The owner of seven Carl’s Jr stores in Auckland sold them to Restaurant Brands without a thought about what would happen to the workers. After the intervention of Unite we got three weeks pay in lieu of a full four week’s notice as required in our collective agreement. In addition, after a three way discussion between the union, the new owner and the old owner of the stores all of the migrant workers with visas specific to the old owner will be able to continue to be employed. We still have some back pay issues to settle through a separate process with the old owner but everyone has a job and their service will be recognised by Restaurant Brands.

The cleaning manager at a major hotel in Auckland announced that because of the law change she didn’t have to provide breaks for staff until the end of the shift. We have individual members at the hotel and no collective agreement as yet but with a judicious bit of media attention the hotel management got the message and apologised to all staff for the “misunderstanding”.

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Casual work putting pressure on families

27 Nov

By Thomas Heaton

(Reprinted from the Manawatu Standard)

A job market with more casual labour and an increasing number of zero-hour contracts is leaving Manawatu families wanting.

Palmerston North’s Methodist Social Services food bank co-ordinator Stacey Rohloff said there were a number of people using the food bank to make up the difference.

More zero-hour contracts added to the problem, as it meant workers did not have guaranteed hours of work.

"They never have a budget that’s secure," she said.

Massey University research has found almost two-thirds of work was casual, part-time or contracted.

Methodist Social Services found "the worst thing" was the increasing number of zero-hour contracts.

In Work Tax Credits are designed to go to those who are not on government benefits and who work a certain amount of hours each week.

To qualify for the tax credit a single parent with a dependant child, under 18, must work a minimum of 20 hours per week, while a couple must work 30.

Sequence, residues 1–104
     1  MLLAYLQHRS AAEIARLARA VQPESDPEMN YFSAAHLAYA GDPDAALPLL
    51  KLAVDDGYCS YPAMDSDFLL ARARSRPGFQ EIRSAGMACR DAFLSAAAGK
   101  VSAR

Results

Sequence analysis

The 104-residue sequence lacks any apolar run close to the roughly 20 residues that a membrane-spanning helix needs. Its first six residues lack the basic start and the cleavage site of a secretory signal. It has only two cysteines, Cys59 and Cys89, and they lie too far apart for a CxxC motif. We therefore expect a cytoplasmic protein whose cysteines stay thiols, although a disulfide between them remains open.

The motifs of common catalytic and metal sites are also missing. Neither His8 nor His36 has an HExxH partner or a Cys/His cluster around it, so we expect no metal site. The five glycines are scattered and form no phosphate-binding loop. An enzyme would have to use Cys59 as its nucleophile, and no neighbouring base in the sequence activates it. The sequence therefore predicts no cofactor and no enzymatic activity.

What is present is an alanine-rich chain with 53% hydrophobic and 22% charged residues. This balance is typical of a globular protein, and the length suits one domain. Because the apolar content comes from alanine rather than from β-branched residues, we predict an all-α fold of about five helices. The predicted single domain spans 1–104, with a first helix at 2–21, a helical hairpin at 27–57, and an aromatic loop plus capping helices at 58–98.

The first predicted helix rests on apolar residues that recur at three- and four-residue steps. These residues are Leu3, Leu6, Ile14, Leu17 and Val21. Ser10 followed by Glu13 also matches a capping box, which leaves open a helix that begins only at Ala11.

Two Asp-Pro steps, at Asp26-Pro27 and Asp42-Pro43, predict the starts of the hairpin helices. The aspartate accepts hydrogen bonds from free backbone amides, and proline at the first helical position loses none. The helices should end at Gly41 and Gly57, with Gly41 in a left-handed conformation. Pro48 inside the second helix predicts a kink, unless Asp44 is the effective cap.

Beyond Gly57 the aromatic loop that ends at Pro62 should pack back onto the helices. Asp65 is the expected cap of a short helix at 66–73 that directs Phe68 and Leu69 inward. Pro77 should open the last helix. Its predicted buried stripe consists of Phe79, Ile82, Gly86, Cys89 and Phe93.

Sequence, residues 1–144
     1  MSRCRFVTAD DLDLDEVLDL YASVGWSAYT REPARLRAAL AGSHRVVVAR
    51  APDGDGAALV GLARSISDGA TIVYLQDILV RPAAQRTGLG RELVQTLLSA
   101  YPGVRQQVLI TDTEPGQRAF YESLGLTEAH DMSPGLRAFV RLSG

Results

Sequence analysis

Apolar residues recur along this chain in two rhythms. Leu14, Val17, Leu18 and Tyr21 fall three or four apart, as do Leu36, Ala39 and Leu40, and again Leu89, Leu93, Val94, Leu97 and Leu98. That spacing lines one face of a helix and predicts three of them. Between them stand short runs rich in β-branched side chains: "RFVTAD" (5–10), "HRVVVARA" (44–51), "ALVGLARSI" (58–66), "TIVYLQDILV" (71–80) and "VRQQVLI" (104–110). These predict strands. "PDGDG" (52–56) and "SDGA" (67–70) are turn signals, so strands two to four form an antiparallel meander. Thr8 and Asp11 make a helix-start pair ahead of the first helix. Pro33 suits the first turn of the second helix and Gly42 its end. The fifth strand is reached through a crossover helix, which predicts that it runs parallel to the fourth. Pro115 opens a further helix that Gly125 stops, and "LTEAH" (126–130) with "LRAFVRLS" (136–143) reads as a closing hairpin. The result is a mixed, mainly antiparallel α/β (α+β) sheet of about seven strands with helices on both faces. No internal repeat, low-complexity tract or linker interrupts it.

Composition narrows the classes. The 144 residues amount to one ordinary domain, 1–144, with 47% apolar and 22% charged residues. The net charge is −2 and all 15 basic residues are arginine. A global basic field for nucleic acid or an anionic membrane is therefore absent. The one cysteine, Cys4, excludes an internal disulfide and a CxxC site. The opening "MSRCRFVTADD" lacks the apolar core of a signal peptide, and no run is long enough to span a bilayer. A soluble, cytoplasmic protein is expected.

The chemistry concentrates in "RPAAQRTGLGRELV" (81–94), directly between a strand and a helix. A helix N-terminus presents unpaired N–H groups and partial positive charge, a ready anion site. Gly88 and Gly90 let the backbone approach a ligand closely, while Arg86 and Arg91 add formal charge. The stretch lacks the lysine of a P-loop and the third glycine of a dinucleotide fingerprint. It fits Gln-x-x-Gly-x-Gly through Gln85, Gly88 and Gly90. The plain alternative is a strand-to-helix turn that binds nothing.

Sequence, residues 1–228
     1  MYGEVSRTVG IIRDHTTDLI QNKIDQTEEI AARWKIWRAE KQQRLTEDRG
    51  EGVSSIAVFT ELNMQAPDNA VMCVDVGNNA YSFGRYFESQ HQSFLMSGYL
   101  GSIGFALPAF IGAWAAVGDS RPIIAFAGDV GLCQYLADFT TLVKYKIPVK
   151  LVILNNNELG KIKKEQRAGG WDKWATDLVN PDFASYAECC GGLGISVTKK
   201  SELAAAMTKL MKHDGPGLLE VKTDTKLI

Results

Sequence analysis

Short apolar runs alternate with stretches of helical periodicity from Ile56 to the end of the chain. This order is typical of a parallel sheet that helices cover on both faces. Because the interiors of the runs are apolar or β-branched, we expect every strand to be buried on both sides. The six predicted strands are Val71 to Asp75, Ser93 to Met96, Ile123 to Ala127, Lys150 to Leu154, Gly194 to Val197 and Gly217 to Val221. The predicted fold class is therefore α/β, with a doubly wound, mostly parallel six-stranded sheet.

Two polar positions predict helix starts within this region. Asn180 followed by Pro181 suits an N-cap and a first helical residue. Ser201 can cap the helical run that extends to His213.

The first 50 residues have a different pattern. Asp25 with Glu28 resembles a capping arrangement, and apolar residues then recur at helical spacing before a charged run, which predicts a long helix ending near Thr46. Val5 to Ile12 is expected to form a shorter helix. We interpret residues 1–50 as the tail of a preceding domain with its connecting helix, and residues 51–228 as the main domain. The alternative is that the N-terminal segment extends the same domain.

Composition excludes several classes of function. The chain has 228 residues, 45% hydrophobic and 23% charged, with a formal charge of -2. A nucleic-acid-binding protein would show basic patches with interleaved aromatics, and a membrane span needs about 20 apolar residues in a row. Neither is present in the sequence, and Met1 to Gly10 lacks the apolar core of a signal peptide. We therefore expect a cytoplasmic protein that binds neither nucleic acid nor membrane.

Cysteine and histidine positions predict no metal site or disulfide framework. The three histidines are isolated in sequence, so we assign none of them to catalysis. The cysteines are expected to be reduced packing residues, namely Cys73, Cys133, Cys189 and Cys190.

Their hours were also insecure, so could fall short of the 20 or 30-hour threshold, Rohloff said.

There is an option that allows families to obtain the tax credit at the end of the financial year, in a lump sum.

"It sounds great, but generally they [families] have struggled the whole year."

Receiving the tax throughout the year was also possible, but anyone overpaid at the end of the year would have to pay it back.

The money from the lump sum would go to paying off debts accrued throughout the year, Rohloff said.

It was hard for some parents, who thought they could not do without it, because they still had to feed their children, she said.

Rohloff said she believed the In Work Tax Credit was a "bit of a sham".

The Child Poverty Action Group (CPAG) also expressed dissatisfaction with the tax credit system in light of the current employment market, as workers were missing out due to "red tape".

Although parents were missing out on the extra money, it was their children who were being affected.

CPAG economics spokeswoman Susan St John said that the "discriminatory and inflexible" family assistance package failed to protect children in a casual work environment, where parents’ work hours were uncertain.

"The unrealistic, rigid hours-worked requirements must go as a first step in badly-needed reforms to reduce child poverty."

A spokeswoman for Minister of Revenue Todd McClay said the tax benefit was always designed to "ensure people in work were better off than being on welfare".

"On the wider issue of child poverty, the Government’s absolutely committed to improving living standards for all children, particularly our most vulnerable," she said.

"Cabinet is working on a range of options right now and they will form part of next year’s Budget."

CTU criticises poor government advice to workers on drive-offs

21 Nov

The New Zealand Council of Trade Unions has raised concerns with the Ministry of Business, Innovation and Employment (‘MBIE’) regarding their reported advice to workers about the petrol station drive away issue.

Jeff Sissons, CTU General Counsel, says “Clauses in employment agreements allowing employers to deduct money from workers’ wages to compensate them for loss caused by workers are unlawful. In the case of petrol station drive offs the worker will not even be at fault so deducting pay will almost certainly be against the law.